Bandersnatch, the Bear Grylls adventures “You vs Wild” and “The Unbreakable Kimmy Schmidt” really got people excited. These are shows that almost took the approach of the FMV games of the early-90s – choose your own adventures with all the extra extravagances that a lavish budget can afford.

As entertaining as these shows and films are, there’s a big gap between these and the experience offered by the world’s top gaming studios.

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Will Netflix become the Netflix of gaming?

Game streaming is the future. There’s no doubt about it. With widespread 5G adoption on the horizon and the success of Gamepass only increasing, it’s only a matter of time before streaming replaces physical media entirely; not only for reasons of pure convenience but practicality too.

Indeed, given that games are becoming increasingly large in size it might not be practical to have more than a few games installed on your hard drive at any one time. The latest Microsoft Flight Simulator is almost 100 GB and the full version of the latest Call of Duty game takes up an eye-watering 231 GB of hard drive space.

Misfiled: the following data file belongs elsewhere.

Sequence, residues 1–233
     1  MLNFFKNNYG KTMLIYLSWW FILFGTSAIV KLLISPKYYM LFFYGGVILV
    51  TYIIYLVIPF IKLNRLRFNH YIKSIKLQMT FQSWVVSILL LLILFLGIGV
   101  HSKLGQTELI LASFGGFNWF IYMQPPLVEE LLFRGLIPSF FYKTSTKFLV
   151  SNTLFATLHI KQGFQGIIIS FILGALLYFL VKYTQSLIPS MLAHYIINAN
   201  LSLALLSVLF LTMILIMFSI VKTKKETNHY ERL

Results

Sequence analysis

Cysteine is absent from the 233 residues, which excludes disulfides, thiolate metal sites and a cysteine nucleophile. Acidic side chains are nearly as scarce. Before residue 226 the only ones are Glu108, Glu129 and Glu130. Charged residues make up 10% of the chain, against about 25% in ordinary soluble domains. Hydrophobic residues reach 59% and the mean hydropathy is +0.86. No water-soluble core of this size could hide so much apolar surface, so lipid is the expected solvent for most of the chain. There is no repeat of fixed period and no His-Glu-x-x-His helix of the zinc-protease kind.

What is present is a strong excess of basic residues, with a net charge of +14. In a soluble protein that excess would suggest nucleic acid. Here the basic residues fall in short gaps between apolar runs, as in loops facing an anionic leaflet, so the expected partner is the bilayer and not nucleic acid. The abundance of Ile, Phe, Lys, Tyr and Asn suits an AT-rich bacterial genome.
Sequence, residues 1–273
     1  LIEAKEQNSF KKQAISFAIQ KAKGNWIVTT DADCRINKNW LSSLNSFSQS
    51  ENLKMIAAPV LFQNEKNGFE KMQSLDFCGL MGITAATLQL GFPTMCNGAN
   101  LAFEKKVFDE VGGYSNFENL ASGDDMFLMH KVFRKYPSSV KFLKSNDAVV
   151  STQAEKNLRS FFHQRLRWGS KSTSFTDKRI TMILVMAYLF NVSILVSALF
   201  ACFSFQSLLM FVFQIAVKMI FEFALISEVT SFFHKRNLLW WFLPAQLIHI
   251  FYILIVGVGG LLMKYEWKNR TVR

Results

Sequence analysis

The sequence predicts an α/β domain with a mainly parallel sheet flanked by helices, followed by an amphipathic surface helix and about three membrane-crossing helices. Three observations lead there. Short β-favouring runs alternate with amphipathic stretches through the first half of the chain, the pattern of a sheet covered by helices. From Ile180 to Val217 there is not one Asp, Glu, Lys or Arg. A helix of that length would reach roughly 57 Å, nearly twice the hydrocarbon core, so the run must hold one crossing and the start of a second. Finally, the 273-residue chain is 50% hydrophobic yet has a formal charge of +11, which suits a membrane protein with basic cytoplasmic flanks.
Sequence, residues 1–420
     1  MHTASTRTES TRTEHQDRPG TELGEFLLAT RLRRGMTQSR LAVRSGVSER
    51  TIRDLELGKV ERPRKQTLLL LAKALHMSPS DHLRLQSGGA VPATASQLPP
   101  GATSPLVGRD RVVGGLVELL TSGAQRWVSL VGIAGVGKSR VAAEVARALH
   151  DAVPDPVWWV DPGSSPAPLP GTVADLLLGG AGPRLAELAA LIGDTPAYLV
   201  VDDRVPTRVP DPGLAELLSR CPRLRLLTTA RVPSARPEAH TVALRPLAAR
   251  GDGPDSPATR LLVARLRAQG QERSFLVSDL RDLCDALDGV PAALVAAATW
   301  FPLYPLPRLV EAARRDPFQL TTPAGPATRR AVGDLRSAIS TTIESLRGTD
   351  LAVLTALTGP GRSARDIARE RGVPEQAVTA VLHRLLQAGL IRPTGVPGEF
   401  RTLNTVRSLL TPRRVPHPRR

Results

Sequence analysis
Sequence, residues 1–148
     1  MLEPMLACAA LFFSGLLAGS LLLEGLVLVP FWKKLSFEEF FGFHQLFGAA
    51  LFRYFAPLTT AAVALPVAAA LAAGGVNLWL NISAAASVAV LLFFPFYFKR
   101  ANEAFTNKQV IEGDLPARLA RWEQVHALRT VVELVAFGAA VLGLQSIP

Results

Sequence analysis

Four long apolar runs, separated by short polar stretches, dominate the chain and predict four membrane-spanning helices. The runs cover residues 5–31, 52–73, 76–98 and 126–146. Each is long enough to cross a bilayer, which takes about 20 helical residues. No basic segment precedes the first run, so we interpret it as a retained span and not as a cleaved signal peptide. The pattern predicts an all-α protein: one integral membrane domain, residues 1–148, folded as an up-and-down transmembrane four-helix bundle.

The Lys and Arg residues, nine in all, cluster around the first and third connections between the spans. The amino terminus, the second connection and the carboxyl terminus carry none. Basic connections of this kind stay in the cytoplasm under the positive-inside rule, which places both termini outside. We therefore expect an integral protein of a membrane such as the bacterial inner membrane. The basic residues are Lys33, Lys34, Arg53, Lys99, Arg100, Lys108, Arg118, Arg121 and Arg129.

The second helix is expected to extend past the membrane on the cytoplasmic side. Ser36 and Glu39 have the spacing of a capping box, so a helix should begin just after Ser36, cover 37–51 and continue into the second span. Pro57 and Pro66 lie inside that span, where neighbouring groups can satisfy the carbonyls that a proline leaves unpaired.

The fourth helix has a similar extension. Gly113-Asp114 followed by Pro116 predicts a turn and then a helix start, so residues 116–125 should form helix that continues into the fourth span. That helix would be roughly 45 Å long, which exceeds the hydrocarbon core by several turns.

As the “kings of streaming,” Netflix are uniquely placed to succeed in this bold digital future. It would also seem that Netflix has spent the last few years attempting to build its own gaming acumen by acquiring the rights to tentpole franchises like The Witcher, Castlevania and DOTA.

What Netflix is really going to need, going forward, however, is to seriously build their IT infrastructure. Because, while they might certainly have enough power right now to stream millions of movies on demand, gaming is a significantly more intensive prospect.

What might Netflix’s gaming aspirations mean for the industry?